Ernest Greene’s sophomore album is punk in the sense that it ranks high in self-inflicted neuroticism. If punk was a reaction to the introspective singer/songwriter vibes of the cooled-off hippie generation, Paracosm is a reaction to the musical and cultural occurrences of the 21st century. Punk was a call for a new tone. Paracosm seems to be one too.
Like other chillwavers, Panda Bear, Memory Tapes, and Neon Indian, Washed Out is a chill pill for the Xanax generation. After paying for college loans, worrying about affording organic tomatoes, and realizing the phone I bought two years ago might as well be a fossil, maybe all I want to hear are lyrics like “The feeling when it all works out.” Washed Out is here to remind us that the world isn’t crashing into the sun yet.
By definition, a paracosm is an intricately extensive fantasy world usually imagined by children. In his Paracosm, Greene puts us in a mindset that’s probably outside our norm—and he does it with no subtly and no hesitation. The album’s opener, “Entrance,” begins with silence as sounds of birds chirping and a tentative xylophone slowly become audible. This moment is like opening the wardrobe to discover Narnia. After the cheeky harp flourish at the close of “Entrance,” the album levels off into a cascading plateau of sound that producer Ben H. Allen helped landscape while Greene navigates with his breathy vocals.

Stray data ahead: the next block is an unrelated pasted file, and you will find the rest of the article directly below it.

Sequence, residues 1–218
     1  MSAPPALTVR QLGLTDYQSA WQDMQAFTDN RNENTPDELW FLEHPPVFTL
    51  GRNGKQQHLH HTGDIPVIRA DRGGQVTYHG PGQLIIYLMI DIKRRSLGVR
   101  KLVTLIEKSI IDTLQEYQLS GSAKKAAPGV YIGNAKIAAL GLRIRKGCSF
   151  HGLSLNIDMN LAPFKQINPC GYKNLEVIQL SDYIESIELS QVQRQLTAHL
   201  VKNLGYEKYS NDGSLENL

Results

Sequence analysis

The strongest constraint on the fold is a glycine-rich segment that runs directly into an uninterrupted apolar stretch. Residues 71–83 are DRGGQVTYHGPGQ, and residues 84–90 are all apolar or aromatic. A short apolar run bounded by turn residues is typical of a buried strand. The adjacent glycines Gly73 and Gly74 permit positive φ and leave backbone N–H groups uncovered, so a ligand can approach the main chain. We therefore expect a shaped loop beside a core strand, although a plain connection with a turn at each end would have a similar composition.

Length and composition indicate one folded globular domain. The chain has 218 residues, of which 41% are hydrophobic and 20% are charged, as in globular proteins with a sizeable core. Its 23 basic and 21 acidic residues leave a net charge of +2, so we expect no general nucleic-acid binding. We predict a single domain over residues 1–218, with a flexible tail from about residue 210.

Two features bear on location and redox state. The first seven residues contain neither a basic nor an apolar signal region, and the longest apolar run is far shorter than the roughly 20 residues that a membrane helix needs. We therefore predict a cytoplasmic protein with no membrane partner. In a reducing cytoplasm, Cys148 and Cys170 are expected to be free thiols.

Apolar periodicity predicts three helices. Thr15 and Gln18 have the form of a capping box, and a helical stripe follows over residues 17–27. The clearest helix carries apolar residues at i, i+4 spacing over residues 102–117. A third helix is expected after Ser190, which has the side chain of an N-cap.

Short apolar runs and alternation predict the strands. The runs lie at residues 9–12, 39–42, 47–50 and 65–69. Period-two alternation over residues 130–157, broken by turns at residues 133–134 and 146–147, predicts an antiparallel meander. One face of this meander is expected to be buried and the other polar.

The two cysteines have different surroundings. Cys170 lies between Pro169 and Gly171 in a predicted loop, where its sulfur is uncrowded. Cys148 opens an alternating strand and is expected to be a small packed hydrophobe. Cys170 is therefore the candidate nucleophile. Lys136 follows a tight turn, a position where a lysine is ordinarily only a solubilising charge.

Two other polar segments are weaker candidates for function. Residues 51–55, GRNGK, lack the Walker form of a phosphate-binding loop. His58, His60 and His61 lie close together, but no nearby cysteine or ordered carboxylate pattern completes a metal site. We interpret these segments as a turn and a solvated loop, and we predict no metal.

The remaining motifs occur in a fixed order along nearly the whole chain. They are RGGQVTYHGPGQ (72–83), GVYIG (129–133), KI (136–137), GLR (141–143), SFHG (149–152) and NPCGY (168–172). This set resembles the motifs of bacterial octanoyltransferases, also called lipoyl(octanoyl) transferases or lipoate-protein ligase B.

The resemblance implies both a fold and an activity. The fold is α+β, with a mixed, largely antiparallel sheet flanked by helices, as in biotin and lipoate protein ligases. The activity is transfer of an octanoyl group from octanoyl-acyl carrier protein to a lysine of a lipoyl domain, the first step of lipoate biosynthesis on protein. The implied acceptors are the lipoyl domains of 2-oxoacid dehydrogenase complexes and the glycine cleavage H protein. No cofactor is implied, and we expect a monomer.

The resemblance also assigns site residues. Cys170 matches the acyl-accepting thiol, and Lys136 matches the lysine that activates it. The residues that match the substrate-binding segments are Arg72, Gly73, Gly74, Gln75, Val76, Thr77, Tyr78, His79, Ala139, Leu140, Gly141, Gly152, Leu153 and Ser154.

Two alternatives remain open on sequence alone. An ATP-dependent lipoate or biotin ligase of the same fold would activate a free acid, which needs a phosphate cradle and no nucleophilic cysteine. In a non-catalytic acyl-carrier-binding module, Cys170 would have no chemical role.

Even though tracks like “Weightless” sound like the go-to bedroom records of The Cocteau Twins or My Bloody Valentine buzzed on pina coladas, it’s different from the strung out evening pop that was Greene’s debut, Within And Without. Where his first record was an album of after-dinner desire, Paracosm is a “rubbing the sleep from your eyes” piece. The chirping birds sampled throughout the album may have something to do with this sentiment, but Paracosm also has Greene toying with instrumentation in a way we haven’t yet seen.

Over fifty different instruments went into the album’s curation. That’s a lot more than a synth and a laptop. What makes Paracosm unique from Greene’s previous endeavors is that Paracosm is like the voice of John in Aldous Huxley’s Brave New World, asking for balance in a world inundated by the synthetic. It gives us a little breathing room from all the heavy drops and synth-pop without totally giving the technological age the slip. Plus, the album art would make a pretty sick pattern for a shirt.